In recent years, there has been ongoing debate regarding the optimal time to clamp the umbilical cord at birth. The current practice at many centers in the United States is to immediately clamp the umbilical cord at time of delivery. However, numerous studies have demonstrated safety and advantages to delayed cord clamping (DCC), a practice endorsed by the American College of Obstetricians and Gynecologists Committee Opinion statement published in 2012, which recommended DCC in preterm neonates, when feasible. In term infants, DCC is typically considered clamping 60 seconds after birth, typically at 1 to 3 minutes after delivery. In preterm infants, DCC is considered clamping between 30 to 60 seconds after birth. When DCC is performed, a newborn receives a placental blood transfusion that may increase their blood volume by up to 40%. Over time, this transfused volume of red blood cells naturally gets broken down, leaving iron for the body to use by developing cells. In the brain, iron is essential for normal development and is important in helping form the insulating sheaths around nerve fibers, a process called myelination, which increases the speed at which nerve impulses travel.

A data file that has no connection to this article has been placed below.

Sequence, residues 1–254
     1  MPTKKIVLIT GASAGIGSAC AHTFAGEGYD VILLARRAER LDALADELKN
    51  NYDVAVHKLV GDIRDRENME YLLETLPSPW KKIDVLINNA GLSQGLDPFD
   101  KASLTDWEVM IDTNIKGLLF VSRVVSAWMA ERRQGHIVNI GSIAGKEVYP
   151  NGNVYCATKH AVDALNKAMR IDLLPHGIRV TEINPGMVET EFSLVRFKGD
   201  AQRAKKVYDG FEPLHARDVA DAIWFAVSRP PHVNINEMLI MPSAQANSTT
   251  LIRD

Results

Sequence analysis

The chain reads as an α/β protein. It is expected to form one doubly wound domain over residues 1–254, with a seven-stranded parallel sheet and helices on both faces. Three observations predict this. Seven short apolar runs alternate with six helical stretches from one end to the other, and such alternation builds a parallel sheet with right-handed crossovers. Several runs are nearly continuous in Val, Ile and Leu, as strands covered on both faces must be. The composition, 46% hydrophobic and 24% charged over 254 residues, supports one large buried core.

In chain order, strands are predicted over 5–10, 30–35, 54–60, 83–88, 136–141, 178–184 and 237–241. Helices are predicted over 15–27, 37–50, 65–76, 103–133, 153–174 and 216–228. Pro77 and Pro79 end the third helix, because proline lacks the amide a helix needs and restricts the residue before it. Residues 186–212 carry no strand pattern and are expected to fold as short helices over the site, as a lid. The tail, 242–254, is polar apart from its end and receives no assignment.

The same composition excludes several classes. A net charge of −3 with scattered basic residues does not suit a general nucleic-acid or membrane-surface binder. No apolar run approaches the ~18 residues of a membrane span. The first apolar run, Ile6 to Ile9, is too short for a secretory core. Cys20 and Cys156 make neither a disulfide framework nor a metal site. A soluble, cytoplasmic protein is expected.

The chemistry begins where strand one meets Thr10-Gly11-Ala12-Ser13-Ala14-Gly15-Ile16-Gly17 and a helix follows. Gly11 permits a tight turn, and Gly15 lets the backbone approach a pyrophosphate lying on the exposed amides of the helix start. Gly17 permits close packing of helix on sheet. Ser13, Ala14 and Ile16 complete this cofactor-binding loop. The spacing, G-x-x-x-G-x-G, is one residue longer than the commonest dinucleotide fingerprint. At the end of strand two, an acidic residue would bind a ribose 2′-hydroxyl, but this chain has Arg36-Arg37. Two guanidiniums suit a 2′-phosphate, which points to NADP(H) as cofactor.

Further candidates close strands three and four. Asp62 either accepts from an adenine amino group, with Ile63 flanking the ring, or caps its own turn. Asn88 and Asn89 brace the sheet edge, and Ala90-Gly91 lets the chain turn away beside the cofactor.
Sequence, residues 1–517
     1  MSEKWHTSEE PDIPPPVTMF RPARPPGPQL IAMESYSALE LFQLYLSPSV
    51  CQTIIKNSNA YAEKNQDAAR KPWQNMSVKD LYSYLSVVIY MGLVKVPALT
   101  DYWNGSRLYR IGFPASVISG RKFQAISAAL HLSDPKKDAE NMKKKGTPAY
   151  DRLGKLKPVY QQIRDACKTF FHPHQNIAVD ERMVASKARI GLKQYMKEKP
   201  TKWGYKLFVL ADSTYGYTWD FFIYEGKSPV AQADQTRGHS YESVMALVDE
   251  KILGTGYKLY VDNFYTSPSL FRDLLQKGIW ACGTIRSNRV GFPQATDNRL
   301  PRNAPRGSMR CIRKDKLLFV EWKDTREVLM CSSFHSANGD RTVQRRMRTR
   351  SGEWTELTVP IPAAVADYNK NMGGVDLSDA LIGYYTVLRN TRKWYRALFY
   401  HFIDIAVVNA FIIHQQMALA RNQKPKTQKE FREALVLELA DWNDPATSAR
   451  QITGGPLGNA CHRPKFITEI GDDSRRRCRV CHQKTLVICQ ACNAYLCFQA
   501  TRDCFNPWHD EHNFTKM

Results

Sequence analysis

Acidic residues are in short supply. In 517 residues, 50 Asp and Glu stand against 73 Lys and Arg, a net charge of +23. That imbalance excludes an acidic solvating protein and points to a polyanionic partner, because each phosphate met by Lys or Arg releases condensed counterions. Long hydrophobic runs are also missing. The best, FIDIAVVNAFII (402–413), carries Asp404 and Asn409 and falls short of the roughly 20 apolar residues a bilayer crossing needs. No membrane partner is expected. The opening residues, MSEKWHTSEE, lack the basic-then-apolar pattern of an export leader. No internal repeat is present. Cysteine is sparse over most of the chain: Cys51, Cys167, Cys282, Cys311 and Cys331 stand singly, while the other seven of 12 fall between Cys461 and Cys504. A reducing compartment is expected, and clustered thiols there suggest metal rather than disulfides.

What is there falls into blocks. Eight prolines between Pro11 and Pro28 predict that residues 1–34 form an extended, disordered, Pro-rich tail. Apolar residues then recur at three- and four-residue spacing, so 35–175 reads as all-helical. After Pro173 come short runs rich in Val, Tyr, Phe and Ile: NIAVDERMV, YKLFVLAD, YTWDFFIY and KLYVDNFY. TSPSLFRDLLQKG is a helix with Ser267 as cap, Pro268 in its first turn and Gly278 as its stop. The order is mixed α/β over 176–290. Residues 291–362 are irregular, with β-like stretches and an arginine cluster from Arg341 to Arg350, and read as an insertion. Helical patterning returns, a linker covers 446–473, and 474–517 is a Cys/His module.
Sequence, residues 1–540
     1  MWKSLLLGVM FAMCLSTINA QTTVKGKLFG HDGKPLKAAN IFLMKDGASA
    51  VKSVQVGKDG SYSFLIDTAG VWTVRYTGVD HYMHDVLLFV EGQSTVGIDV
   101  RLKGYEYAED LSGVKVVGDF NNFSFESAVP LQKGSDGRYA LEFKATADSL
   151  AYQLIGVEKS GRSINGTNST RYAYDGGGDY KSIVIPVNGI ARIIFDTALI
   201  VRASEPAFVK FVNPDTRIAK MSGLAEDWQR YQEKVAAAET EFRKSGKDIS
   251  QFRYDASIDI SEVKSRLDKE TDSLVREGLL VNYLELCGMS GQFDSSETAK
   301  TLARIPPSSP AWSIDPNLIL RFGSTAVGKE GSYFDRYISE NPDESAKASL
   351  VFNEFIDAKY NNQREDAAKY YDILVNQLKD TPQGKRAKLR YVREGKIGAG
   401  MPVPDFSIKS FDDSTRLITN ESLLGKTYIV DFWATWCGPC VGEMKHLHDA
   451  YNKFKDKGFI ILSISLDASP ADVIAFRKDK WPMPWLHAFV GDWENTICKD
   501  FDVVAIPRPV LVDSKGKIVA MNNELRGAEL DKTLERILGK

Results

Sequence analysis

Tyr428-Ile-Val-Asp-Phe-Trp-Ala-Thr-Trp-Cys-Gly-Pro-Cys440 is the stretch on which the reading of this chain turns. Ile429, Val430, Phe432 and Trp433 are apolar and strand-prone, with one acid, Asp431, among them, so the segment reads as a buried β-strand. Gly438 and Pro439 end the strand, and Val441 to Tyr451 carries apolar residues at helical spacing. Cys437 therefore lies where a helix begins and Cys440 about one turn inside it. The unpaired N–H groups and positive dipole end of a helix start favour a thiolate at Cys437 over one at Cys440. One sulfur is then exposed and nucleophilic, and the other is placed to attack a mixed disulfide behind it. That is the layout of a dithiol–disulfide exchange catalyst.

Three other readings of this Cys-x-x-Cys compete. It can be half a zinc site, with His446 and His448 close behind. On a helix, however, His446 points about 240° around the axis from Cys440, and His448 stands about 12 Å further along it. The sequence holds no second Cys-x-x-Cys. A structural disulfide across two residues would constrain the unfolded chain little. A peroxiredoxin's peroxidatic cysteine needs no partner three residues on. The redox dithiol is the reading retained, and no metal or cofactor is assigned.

Based on multiple randomized controlled trials, there are many potential advantages to performing DCC compared to immediate cord clamping in preterm babies, including decreased overall mortality, blood transfusion incidence and the risk of intraventricular hemorrhage. DCC reduces the incidence of intraventricular hemorrhage by nearly 50%, thereby preventing one case of intraventricular hemorrhage for every 15 neonates treated. While more studies are needed to better understand the long-term impact of DCC on neurodevelopment, emerging studies continue to demonstrate safety of this natural and cost-effective practice.
As part of the birth plan, I encourage all parents to discuss with our obstetricians and midwives how to optimize their birth experience, which should include a conversation discussing the possibility of performing DCC to promote the benefits of placental transfusion for their baby.
1. Committee on Obstetric Practice American College of Obstetricians and Gynecologists. Committee opinion no. 543: timing of umbilical cord clamping after birth. Obstet Gynecol. 2012; 120(6): 1522–1526.
2. Backes CH, Rivera BK, Haque U, et al. Placental transfusion strategies in very preterm neonates: a systematic review and meta-analysis. Obstet Gynecol. 2014;124(1):47-56.